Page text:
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15870Re: [tied] Re: Pliny's "Guthalvs"

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  • Piotr Gasiorowski
    Oct 2, 2002
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      Gothic <-ws> is found only after vowels (<gw> is a special case -- a labiovelar consonant). <-lws> is impossible also in Gothic. <walwjan> and <wilwan> only show that postconsonantal /w/ could occur before vowels and glides (as in my examples -- *-alwaz, etc.). Where it occurred, <-ws> (in Wulfila's late Gothic dialect) resulted from vowel reduction in the original ending, e.g. saiws < *saiwaz. When representic Gothic words and proper names, the Romans substituted their own equivalent morphology, replacing final -s (< -*az) with their own -us.
       
      Piotr
       
       
      ----- Original Message -----
      Sent: Wednesday, October 02, 2002 6:58 AM
      Subject: [tied] Re: Pliny's "Guthalvs"

      I wrote:
      <<If the Germanic word had originally been something like "Guthalws," Pliny
      would have seen <Guthalvs> in his sources, and would have written what he saw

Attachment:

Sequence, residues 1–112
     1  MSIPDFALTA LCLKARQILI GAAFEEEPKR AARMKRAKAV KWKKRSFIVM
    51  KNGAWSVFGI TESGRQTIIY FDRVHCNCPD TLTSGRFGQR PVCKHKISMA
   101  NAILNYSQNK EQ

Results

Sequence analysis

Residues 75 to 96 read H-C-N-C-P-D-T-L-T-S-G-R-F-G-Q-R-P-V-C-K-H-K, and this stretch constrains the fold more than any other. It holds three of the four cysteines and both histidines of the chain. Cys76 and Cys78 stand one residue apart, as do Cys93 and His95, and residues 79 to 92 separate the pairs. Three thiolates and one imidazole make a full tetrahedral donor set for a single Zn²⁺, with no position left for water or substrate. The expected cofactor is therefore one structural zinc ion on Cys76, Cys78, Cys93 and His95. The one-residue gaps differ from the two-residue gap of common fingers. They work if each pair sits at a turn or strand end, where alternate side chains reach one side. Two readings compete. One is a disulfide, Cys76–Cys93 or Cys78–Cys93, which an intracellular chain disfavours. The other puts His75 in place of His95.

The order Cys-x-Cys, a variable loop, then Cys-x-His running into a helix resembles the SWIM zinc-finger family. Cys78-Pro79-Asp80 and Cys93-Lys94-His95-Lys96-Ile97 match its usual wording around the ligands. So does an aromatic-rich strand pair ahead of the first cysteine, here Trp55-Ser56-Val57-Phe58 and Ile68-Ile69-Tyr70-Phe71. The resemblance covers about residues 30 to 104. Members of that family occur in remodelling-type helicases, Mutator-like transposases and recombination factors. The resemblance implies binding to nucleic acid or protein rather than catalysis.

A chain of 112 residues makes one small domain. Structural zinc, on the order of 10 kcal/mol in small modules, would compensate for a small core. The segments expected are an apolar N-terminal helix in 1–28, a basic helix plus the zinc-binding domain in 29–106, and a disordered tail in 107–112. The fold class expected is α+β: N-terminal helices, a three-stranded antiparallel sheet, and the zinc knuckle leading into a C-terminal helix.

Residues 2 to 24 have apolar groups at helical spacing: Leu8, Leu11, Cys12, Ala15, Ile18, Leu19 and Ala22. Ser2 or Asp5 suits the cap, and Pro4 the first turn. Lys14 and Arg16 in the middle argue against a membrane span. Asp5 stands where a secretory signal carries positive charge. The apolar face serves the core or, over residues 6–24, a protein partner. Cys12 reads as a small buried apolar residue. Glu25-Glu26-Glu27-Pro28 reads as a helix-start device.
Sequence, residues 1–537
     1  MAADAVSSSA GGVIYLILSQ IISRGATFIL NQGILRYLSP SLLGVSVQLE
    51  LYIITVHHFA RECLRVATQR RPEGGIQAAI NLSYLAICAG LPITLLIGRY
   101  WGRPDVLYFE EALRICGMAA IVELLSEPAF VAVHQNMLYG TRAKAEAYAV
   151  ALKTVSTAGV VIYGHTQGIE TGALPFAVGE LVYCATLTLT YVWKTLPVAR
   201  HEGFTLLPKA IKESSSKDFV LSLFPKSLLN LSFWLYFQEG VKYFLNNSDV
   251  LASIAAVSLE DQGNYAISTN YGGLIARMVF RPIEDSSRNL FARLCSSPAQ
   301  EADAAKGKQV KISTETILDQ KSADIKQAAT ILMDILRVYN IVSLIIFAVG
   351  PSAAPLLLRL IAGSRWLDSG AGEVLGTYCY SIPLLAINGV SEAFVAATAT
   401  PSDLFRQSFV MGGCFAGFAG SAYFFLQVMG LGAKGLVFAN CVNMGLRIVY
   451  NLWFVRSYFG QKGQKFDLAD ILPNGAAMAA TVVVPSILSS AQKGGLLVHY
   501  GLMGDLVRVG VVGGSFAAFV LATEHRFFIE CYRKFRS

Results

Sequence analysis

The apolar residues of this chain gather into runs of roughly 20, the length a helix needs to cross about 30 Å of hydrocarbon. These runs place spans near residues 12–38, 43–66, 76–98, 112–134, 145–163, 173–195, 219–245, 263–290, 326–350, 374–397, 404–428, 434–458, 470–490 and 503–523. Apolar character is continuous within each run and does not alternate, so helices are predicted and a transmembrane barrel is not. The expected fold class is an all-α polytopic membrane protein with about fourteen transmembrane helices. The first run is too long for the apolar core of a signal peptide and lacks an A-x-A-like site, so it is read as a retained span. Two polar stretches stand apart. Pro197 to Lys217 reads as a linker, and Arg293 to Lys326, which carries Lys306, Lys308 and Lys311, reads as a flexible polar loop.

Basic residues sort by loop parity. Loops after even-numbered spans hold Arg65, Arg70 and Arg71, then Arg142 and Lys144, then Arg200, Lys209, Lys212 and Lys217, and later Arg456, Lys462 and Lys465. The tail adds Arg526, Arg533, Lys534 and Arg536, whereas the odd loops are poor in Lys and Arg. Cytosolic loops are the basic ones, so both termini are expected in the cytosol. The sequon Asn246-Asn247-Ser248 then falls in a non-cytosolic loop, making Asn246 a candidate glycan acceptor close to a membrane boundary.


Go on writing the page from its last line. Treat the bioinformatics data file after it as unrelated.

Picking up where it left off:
-- not knowing if the <v> stood for a /w/ or a /u/--->>

      Piotr replied:
      <<However, "-alws" is not a permissible Germanic sound combination. It would
      have had to be -alwaz, *-alwiz, or *-alw-o:n- to be phonetically and
      morphologically plausible,...>>

      Let me stop you there.  My Gothic dictionary gives some examples of -ws and
      -alw-:
      áiws, sm. time, lifetime, age, world
      ni áiw, never
      alêws, adj. of olives;
      saggws, sm. song, music
      triggws, adj. true, faithful
      af-walw-jan, wv. I, to roll away
      wilw-an, sv. III, to rob, plunder, take by force

      So why again is -alws or -alw- against all Germanic sound laws?

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